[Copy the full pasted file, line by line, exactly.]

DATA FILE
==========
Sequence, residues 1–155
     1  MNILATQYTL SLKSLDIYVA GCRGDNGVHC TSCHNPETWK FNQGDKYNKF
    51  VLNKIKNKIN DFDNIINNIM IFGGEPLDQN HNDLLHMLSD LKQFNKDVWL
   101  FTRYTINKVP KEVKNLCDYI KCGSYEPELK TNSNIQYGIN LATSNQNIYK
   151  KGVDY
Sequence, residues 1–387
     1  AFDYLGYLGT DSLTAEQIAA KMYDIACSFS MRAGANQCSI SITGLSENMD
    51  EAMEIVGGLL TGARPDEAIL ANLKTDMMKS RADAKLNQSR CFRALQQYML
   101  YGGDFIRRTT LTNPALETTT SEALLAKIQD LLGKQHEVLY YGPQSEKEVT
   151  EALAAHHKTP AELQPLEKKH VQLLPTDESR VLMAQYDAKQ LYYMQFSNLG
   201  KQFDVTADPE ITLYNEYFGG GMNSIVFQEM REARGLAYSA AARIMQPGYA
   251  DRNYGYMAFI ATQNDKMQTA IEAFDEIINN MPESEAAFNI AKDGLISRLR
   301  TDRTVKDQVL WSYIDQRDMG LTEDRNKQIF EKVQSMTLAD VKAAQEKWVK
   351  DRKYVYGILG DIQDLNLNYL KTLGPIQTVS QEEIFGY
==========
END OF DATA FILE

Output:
Sequence, residues 1–155
     1  MNILATQYTL SLKSLDIYVA GCRGDNGVHC TSCHNPETWK FNQGDKYNKF
    51  VLNKIKNKIN DFDNIINNIM IFGGEPLDQN HNDLLHMLSD LKQFNKDVWL
   101  FTRYTINKVP KEVKNLCDYI KCGSYEPELK TNSNIQYGIN LATSNQNIYK
   151  KGVDY
Sequence, residues 1–387
     1  AFDYLGYLGT DSLTAEQIAA KMYDIACSFS MRAGANQCSI SITGLSENMD
    51  EAMEIVGGLL TGARPDEAIL ANLKTDMMKS RADAKLNQSR CFRALQQYML
   101  YGGDFIRRTT LTNPALETTT SEALLAKIQD LLGKQHEVLY YGPQSEKEVT
   151  EALAAHHKTP AELQPLEKKH VQLLPTDESR VLMAQYDAKQ LYYMQFSNLG
   201  KQFDVTADPE ITLYNEYFGG GMNSIVFQEM REARGLAYSA AARIMQPGYA
   251  DRNYGYMAFI ATQNDKMQTA IEAFDEIINN MPESEAAFNI AKDGLISRLR
   301  TDRTVKDQVL WSYIDQRDMG LTEDRNKQIF EKVQSMTLAD VKAAQEKWVK
   351  DRKYVYGILG DIQDLNLNYL KTLGPIQTVS QEEIFGY